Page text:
this story was written pre-pandemic

This is Powell Street subway station in San Francisco. This reality of people, human beings sleeping on the ground like this, under harsh fluorescent lighting all day is something I cannot just walk buy and say "that's normal." It's just not.


I realized that there is something I can do - even if it's a gesture of kindness just that day, it's not going to solve the problem but it will help these particular people so that when they wake up they will have food and a bottle of water. 


So I made these really tasty sandwiches with Hawaiian rolls at home and then brought them downtown. Using super soft bread is best because many people don't have a good dental situation going on and hard crusty bread is difficult to bite into if not impossible.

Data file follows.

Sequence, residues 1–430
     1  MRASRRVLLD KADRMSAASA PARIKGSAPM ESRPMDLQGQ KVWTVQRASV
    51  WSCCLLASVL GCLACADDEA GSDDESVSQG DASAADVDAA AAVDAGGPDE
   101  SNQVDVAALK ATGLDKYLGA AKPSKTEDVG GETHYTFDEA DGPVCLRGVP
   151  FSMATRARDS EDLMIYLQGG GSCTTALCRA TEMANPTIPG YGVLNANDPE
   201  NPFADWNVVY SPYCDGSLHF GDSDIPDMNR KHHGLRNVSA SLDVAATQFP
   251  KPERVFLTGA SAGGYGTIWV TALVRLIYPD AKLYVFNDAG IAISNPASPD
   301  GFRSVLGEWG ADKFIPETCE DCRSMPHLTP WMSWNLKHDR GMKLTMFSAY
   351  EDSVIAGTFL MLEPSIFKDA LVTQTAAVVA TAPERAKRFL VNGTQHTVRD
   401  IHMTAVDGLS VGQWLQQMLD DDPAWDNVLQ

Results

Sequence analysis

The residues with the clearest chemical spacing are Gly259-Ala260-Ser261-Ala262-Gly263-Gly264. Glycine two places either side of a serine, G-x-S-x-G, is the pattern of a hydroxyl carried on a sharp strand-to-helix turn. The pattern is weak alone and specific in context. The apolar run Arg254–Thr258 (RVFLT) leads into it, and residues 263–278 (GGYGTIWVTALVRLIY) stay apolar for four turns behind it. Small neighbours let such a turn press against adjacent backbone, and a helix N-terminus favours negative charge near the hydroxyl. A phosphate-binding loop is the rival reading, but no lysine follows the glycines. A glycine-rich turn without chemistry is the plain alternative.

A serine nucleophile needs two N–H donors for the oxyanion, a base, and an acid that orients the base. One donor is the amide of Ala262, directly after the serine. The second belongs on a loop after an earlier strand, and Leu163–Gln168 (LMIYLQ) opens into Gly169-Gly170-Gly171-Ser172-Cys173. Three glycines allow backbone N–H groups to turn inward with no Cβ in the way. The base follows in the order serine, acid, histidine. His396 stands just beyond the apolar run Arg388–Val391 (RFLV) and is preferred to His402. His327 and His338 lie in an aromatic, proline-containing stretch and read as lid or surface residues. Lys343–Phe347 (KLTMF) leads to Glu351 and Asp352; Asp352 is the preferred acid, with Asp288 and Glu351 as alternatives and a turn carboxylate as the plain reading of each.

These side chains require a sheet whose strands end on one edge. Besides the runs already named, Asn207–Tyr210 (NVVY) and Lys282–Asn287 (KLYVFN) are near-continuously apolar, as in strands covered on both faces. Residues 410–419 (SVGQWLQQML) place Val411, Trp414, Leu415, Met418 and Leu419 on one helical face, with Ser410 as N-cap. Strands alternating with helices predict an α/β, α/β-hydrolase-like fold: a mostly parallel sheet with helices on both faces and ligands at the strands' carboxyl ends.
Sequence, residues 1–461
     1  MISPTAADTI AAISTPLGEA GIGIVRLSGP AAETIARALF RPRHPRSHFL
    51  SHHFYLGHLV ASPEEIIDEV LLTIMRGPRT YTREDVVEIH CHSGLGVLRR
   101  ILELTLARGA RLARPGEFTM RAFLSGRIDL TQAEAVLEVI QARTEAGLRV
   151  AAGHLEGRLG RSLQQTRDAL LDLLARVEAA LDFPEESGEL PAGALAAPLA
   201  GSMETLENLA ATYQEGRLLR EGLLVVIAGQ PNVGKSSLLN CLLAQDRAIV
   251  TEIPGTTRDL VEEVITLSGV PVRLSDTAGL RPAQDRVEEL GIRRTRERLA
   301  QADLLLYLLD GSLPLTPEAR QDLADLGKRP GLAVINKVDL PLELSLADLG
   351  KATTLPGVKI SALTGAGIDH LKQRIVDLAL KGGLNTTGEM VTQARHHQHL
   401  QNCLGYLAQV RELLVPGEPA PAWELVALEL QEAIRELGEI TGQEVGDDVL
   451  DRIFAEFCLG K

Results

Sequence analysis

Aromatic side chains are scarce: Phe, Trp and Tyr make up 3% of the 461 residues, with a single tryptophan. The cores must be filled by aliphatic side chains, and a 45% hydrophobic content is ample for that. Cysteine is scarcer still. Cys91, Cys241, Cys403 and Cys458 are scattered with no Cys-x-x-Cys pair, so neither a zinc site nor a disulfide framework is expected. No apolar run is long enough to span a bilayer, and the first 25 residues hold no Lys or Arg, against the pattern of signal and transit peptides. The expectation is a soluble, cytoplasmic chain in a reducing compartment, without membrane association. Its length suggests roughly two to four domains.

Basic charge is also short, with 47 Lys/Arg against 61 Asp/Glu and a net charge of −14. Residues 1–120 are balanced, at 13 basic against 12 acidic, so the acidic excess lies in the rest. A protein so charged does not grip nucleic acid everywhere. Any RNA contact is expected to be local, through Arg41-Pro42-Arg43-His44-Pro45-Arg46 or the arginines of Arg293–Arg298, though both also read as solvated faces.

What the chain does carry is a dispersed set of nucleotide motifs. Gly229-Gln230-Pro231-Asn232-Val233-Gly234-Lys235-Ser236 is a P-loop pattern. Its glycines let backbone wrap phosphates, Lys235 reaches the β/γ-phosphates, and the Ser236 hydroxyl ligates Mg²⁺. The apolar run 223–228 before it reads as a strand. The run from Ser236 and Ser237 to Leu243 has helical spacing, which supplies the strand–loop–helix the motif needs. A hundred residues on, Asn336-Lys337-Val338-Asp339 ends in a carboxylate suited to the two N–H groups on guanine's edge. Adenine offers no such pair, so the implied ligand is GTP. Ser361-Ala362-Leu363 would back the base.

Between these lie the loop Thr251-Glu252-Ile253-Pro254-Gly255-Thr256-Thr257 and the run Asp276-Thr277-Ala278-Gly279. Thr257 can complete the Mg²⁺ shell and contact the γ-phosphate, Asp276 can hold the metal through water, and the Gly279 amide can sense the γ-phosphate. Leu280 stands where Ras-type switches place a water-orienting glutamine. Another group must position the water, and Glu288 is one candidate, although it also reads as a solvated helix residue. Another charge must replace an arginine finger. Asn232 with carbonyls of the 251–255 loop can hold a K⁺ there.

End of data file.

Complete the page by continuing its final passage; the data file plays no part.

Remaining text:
So Henry and Max and I hopped on BART, brought the sandwiches with us, and also socks and a few pairs of shoes we picked up at garage sales because a lot of people are barefoot (which is just insane) and also warm hoodies that were donated to the Street Store. Getting the food and supplies together to do this is not a big deal, you can DIY your own little outreach project. It's really fun once you start because you want to keep doing it, and it takes different forms. There are infinite ways to be kind.

Over the years, I have realized that I think the reason why people do nothing is that it's overwhelming. They feel bad, and then they disassociate. And so I have tried to do projects where I design it so that I give people the opportunity to do something, and I make it as easy as possible for them to donate their time, or to donate hygiene supplies or food.

One act of kindness matters. It really does. And it doesn't matter how that person got there, sleeping in the subway. All that matters is that if you feel *something*, you follow through with an action.